Here comes a chance of friendship with a man form the lower class, but a lover at least, who seems to be gay in the eyes of other people, but acts promising toward Emily. An important idiosyncrasy of Emily's that will help the reader to understand the bizarre finale of the story, is her apparent inability to cope with the death of someone she cared for. Then she met; was befriended and presumably fell in love with a visiting, transient pavement construction worker, Homer Barron. In fact, she seems quite oblivious to what is happening outside her sealed perimeters. Emily wanted to hold tight to the dream that she might have a normal life, with love and a family.
But it depreciated together with the way Miss Emily and her life depreciated in her constant sense of remorse, loneliness, pain and resentments. Whichever he chooses, his style parallels the complexity of his characters and gives a unique flavor to his short stories. Faulkner, by using necrophilia want to show how bitter the life is feel and what will we going to do to solve them. Presenting this in such a way, as well as the overall non-chronological order of the plot sequence, has an impact by showing how the perceptions of Miss Emily were not static, but in fact dynamic ideas that changed over the course of time. In this stage, the tragic hero is supposed to die as a result of her own folly. Faulkner creates a complex multidimensional world where the past and the present coexist.
Next to Homers body, there is an indention in the pillow and a silver hair. The strand of hair: The strand of hair symbolizes the love that is lost and the things people do to attain happiness in life. It begins with the funeral of the main character — Emily — and how people remember her. Destruction or Death Wish Stage Murder This is where things really diverge from Booker's tragedy plot structure. The story is based on the life of a southern woman and the outcome of probably her one and only relationship with a man.
For this reason, his action only resulted making her thirst for a love. Audience as well as critics frequently assume that in the event that the story was written linearly, in series, it would not be much of a storyline. Even though the place and its people are quite unique in their own way, it projects an outlook of any American county during that era. Colonel Sartoris explained it to me. One of the most effective ways Faulkner establishes depth of character and scene is by using long lists of descriptions. When alive, Miss Emily had been respected and cared for by the townspeople. When she alive, she had been a tradition, a duty and a care.
As the narrator tells, Emily clings to the body for her controlling father with a complete denial, not ready to accept that her father is gone forever. Her father probably impressed upon her that every man she met was not good enough for her. Most critics, including Faulkner himself, believe Homer wasn't a good guy; it seems he might have come back to Emily one last time before dumping her. As Booker says, this kind of frustrating situation sometimes leads the hero to commit dark deeds… Nightmare Stage Arsenic, A Toilet Set, and New Clothes The nightmare stage is one of the most confusing in this story. Generally, the more complex the sentence structure, the more psychologically complex a character's thoughts.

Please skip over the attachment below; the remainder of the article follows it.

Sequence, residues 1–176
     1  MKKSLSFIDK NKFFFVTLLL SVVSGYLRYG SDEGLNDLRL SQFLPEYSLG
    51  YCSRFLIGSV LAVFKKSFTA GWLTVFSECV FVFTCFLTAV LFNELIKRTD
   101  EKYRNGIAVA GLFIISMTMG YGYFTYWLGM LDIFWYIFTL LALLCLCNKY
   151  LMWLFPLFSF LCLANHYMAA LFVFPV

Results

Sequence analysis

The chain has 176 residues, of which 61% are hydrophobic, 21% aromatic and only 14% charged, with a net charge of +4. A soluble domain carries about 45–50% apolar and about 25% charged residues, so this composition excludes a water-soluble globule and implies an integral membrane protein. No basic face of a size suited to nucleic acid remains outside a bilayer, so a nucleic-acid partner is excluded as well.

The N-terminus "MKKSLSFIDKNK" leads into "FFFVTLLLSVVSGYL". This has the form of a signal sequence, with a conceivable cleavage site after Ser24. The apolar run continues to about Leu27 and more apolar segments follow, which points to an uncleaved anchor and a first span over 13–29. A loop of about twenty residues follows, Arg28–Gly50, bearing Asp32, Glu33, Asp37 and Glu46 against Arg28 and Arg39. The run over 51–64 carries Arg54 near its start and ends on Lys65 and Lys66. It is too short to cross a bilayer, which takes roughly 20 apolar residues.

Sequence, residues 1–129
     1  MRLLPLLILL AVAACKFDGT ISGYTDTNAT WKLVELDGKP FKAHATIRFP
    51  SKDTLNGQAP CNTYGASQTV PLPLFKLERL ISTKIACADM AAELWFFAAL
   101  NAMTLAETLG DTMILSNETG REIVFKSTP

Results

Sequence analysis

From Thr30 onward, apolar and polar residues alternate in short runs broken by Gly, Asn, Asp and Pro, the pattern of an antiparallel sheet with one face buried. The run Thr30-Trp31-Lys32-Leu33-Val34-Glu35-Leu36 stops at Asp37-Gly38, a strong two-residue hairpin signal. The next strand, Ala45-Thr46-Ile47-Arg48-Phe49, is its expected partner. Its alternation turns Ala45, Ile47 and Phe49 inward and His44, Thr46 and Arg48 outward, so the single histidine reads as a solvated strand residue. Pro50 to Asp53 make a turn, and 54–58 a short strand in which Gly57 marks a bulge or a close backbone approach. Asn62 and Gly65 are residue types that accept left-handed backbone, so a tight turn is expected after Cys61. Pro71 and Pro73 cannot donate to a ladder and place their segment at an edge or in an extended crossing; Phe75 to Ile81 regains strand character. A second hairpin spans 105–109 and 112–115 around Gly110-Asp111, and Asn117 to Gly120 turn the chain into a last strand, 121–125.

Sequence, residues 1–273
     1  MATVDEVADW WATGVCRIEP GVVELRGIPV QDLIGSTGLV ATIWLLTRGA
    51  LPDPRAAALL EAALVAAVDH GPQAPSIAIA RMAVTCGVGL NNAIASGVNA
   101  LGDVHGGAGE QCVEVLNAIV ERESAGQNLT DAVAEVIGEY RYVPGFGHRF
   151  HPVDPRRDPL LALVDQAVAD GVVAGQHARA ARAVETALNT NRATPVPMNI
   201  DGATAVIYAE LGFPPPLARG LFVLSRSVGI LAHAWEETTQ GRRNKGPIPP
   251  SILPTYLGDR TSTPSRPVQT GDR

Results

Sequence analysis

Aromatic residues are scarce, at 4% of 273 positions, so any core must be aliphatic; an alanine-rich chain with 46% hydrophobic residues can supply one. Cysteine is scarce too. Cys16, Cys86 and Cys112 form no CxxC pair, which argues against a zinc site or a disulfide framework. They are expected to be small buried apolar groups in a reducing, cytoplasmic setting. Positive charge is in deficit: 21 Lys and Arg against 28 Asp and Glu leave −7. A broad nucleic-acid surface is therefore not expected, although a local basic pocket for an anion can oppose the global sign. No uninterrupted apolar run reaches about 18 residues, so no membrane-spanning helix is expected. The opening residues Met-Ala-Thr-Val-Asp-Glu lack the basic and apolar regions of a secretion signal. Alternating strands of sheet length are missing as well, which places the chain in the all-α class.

William Faulkner uses many literary devices to develop several themes but is mainly based around how Miss Emily is metaphorically the part of the south that needs change or will have a terrible ending. His novels the three musketeers and the court. The townspeople assume that Miss Emily is spending time with this gentleman because she was never allowed to date when her father was alive, and the pity her because Homer is below her social class. It means your essay must have an impressive introduction, insightful body content and a compelling conclusion. All Miss Emily wanted was to be loved by her sweetheart and have a family; however, this simple and innocent dream was not easy for her to achieve, due to Mr. This allows the reader to get the full sense of the judgments and perceptions of the townsfolk; it enables you to almost adopt them as your own.
Early in the story, before the extent of her symptoms has become clear to the reader, the narrator relates an episode in which Miss Emily appears before town officials to insist that she does not owe taxes. Plot Overview The story is divided into five sections. The death of Miss Emily is like the fallen of monument -which is the aristocrat system that she followed- that symbolic the ruin of the aristocrat power in her period. Meeting them at the door, Emily states that her father is not dead, a charade that she keeps up for three days. It also keeps the reader attentive for the upcoming rising action present throughout the story. This allows the reader to get the full sense of the judgments and perceptions of the townsfolk; it enables you to almost adopt them as your own.
The chivalric traditions of the Old South become diluted as time passes; so it is that the newer generation of town authorities attempt to exact taxes from Miss Emily—these leaders are not gallant, but they are pragmatic and democratic. It also signifies the endurance and preservation of the tradition which now seems out of place with all the cotton wagons, gasoline pumps and other industrial lands surrounding it, just as the Southern values are now out of place in the society that is transitioning. However, there were several events in her life that made their relationship harder. Miss Emily sat in it, the light behind her, and her upright torso motionless as that of an idol. The plot starts off with the town at her house after she dies explaining why everyone is attending her funeral not for grievance but out of respect and curiosity. She went through life just being attended to by Toby, her loyal manservant.